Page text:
# tar -xzvf apache-1.3.31.tar.gz # tar -xzvf php-5.0.0.tar.gz
The first step is to do an initial configure on Apache. Change into the Apache directory (probably apache-1.3.31) and run the configure script with no parameters. It will complain, but ignore it:
# ./configure Configuring for Apache, Version 1.3.31 + Warning: Configuring Apache with default settings. + This is probably not what you really want.
When it's done, you can go ahead and configure PHP. Change back out of the Apache directory and into the PHP directory:
#cd.. # cd php-5.0.0
You now configure PHP using a fairly long configure statement. This should be entered on a single line:
./configure --with-apache=../apache_1.3.31 --with-libxml-dir=/usr/local/lib --with-gd --with-gettext --without-mysql --with-pgsql --enable-sockets --with-jpeg-dir=/usr/local/lib --with-png-dir=/usr/local/lib --with-zlib-dir= /usr/local/lib --enable-gd-native-ttf --with-freetype-dir=/usr/local/lib --with-xmlrpc --with-dom -enable-xslt --with-expat-dir=/usr/local/lib --with-xsl
Note that if you are using a newer version of Apache than 1.3.31, you will need to amend the --with-apache directive accordingly to reflect the unpack path.
It may well take a few minutes to configure, but assuming that you've followed this appendix correctly up until now, you shouldn't receive any error messages and all should configure okay.
You can then go ahead and build PHP:
# make # make install
Note that the make may well take a few minutes, depending on the speed of your server. The make install will probably not take too long at all. If it fails, you may need to retrace your steps. Check, in particular, that all the support packages mentioned in the previous section have been configured correctly.
PHP has now created a module in your Apache unpack directory; you can now configure and install Apache making use of that module:
#cd.. # cd apache-1.3.31 # ./configure --prefix=/usr/local/apache --activate- module=src/modules/php5/libphp5.a
Once again, the configure statement must be on a single line when entered. You should see Apache configure, and advise that it is activating the module you just told it to. This is a good thing and implies everything is working okay to this point.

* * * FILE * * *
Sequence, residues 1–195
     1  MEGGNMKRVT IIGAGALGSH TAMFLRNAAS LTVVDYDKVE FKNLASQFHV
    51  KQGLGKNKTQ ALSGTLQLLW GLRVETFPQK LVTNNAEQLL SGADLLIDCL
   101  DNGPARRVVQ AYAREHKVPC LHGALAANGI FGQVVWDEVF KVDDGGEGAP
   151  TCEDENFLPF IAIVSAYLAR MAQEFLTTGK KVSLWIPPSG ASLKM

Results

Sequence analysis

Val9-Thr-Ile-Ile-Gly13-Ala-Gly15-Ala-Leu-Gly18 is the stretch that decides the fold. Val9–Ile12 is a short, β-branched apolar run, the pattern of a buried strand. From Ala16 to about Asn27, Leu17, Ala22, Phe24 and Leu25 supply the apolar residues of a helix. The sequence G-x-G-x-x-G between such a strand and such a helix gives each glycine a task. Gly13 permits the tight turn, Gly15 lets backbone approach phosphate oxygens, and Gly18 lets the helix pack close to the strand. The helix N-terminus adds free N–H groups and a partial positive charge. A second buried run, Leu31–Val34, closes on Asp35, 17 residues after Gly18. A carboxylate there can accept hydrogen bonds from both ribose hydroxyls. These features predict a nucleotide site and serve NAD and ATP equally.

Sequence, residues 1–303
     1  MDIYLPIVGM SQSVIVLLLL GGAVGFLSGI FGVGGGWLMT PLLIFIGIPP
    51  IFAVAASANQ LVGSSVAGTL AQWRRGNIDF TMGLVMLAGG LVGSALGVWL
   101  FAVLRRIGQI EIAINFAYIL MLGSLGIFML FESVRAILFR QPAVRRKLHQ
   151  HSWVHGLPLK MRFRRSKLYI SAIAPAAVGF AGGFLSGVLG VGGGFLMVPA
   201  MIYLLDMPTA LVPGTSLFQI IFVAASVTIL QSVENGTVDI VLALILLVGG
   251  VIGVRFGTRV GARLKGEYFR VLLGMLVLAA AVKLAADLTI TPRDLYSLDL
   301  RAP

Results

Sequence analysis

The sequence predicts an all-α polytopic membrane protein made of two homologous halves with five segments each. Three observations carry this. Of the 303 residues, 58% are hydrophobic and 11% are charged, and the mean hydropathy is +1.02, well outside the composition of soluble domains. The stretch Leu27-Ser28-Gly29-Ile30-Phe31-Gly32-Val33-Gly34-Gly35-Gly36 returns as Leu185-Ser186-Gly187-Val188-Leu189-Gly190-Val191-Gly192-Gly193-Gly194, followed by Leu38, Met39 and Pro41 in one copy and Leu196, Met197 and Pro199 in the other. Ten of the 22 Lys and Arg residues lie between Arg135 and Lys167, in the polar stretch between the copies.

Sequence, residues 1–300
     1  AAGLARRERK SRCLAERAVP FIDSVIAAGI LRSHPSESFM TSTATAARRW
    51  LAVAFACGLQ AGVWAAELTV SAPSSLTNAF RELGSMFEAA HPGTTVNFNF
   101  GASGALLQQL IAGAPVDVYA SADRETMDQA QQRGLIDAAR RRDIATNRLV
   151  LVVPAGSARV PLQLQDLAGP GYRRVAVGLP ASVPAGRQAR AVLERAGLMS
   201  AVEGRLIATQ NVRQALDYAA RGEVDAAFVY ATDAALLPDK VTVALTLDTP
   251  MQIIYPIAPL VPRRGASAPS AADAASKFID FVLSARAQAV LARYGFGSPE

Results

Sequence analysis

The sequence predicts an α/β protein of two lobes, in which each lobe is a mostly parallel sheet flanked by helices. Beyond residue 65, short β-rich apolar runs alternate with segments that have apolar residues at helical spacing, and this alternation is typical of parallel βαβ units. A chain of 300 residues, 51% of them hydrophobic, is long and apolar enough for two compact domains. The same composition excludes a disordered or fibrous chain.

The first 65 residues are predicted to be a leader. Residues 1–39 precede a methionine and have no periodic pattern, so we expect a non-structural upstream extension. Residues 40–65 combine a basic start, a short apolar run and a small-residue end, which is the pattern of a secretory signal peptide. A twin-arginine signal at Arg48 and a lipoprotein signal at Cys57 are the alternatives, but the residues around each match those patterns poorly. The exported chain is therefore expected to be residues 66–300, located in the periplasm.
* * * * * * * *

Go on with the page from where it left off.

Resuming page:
You can now go ahead and compile Apache:
# make # make install
There's just one final step: You need to tell the Apache configuration file how to handle the .php extension. Modify the file /usr/local/apache/conf/httpd.conf and add the following lines:
AddType application/x-httpd-php .php .php4 .php3 .php5 AddType application/x-httpd-php-source .phps
These lines can be added virtually anywhere but should be placed near all the other AddType and AddHandler directives in the file to keep things clean.
All that remains is to test your installation. Start Apache using the following syntax:
# /usr/local/apache/bin/apachectl start
Now create a file in /usr/local/apache/htdocs called test.php containing the following code:
<?php phpinfo(); ?>
Save it and, in your workstation's Web browser, point it to the IP address of your UNIX machine, followed by /phpinfo.php. For example, if your server was 192.168.1.1, point it to http://192.168.1.1/phpinfo.php. You should see a screen similar to Figure D-1.
If so, congratulations. Your PHP installation has been successful! You will probably want to create Virtual Server entries for each project that you work on, however. Much more information on this can be found in Chapter 24, "Deployment.''